talking among the men. Care will be taken to prevent the men from straggling.
The command will encamp for the night on the plateau in front of Ringgold Gap, near Catoosa Station.
By command of Brigadier-General Johnson:
E. T. WELLS,
Captain 89th Illinois Infantry, Actg. Asst. Adjt. General
HDQRS. LEFT WING, SIXTEENTH ARMY CORPS,
Pulaski, Tenn., February 26, 1864
Brigadier General JOHN A. RAWLINS,
Chief of Staff, Nashville, Tenn.:
GENERAL: I send some of the minor details from the reports of scout sent to Atlanta and Rome, Ga., and Montgomery, Ala. The scout is one of our best men, and very intelligent.
The fortifications around Atlanta are simply three lines of rifle-pits, surrounding the place, and on the Chattahooche River, 11 miles north of Atlanta, commencing at the island, they are putting up works running down to the railroad bridge. These works have been lately commenced, and every tenth negro has been impressed to work on them.
At Rome General Brown, with a brigade of infantry, is at work on fortifications; Captain Green is engineer. Near the bridge over the Oostenaula River, on east side of river, a large fort is being built which commands approach from Alabama on the west. Near it are some 32-pounder guns, not mounted. This line of fortifications as laid out but only partially built, runs up this river to the mountains north of town and connects with another fort, laid out but not built, that commands the road running in from the north between the two rivers. from this fort four lines of rifle-pits now being worked on run to the Etowah River, some distance above the bridge over this river. Near this bridge a battery is built that covers the bridge and a small village on south side of river called Lick Skillet.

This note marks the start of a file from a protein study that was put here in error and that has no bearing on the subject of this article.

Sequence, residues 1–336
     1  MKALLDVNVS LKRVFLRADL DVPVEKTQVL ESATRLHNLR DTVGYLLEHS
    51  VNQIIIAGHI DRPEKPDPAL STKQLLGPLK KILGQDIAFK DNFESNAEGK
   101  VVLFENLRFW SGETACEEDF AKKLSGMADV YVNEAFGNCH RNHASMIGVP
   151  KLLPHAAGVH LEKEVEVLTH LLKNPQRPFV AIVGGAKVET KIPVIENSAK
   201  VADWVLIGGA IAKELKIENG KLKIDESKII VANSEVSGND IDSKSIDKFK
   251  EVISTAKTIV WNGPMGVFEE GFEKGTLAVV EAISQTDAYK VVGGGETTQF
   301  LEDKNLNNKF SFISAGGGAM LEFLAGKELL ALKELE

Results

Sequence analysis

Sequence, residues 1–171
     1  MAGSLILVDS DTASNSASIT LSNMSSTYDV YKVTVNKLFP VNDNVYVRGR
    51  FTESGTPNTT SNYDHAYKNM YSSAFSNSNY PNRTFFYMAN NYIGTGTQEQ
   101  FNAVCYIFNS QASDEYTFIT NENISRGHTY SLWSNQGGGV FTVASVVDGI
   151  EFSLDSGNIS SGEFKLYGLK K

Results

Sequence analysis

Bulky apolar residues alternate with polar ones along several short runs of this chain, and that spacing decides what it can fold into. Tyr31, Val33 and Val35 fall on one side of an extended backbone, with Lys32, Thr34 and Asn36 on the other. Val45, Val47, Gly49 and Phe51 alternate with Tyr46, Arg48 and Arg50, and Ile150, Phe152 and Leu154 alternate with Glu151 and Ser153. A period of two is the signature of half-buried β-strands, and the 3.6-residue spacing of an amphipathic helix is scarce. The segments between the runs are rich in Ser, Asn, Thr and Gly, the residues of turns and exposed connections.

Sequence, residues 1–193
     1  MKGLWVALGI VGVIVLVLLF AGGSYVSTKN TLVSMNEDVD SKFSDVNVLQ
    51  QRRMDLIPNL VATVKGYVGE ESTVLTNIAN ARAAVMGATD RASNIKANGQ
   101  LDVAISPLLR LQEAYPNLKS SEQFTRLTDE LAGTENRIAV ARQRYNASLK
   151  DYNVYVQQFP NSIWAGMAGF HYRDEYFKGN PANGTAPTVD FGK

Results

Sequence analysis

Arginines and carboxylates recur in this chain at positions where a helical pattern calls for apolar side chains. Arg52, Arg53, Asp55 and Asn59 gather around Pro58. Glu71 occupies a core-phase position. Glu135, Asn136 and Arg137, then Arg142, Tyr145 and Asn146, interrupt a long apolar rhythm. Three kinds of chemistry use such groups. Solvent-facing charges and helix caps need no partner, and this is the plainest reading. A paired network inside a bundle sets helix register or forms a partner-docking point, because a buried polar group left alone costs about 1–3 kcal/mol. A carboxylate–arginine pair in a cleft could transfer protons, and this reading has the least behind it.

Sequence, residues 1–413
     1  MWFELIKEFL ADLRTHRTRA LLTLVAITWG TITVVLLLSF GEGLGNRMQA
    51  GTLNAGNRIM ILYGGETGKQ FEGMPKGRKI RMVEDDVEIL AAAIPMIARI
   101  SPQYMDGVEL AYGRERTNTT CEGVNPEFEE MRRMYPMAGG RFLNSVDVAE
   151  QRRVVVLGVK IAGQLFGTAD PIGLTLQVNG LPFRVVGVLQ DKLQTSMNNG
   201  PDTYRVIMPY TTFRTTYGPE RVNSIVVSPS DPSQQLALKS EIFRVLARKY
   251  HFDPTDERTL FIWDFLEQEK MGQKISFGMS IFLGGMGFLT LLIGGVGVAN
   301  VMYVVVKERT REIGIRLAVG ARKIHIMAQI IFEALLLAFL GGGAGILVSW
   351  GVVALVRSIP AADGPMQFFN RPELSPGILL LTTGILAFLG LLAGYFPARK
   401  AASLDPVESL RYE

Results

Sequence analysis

During the first part of February troops, mostly Tennessee, North Alabama, Kentucky, and Arkansas regiments, were moved to Mississippi to prevent desertions and Southern Alabama and Mississippi troops were brought up to supply their places. This movement lasted till about the 12th. At Kingston, Cave Springs, Marietta, White Plains, and Cross Plains are some 6,000 cavalry horses, with some cavalry with them. The stock is in very poor condition.
Grigsby's brigade was relieved at the front by Humes', 1,500 strong, and went to Oxford, Benton County, Ala., the terminus of the railroad running toward Rome, Ga., from Selma.
Forage is very scarce everywhere, except in Coosa Valley, where there is plenty of corn. Meat also is very scarce everywhere, and the army at Dalton, which he says is about 25,000 men strong, is on half rations. Where he was the new conscript act had not as yet been very vigorously enforced, but preparations were being made to rake up everybody. All the State troops of Georgia have been turned over to the Confederacy, and on the 21st of January they were given twenty days' furlough. Alabama had not yet turned over her State troops.
He gives troops stationed as follows: Atlanta, 5,000; Rome, 3,000;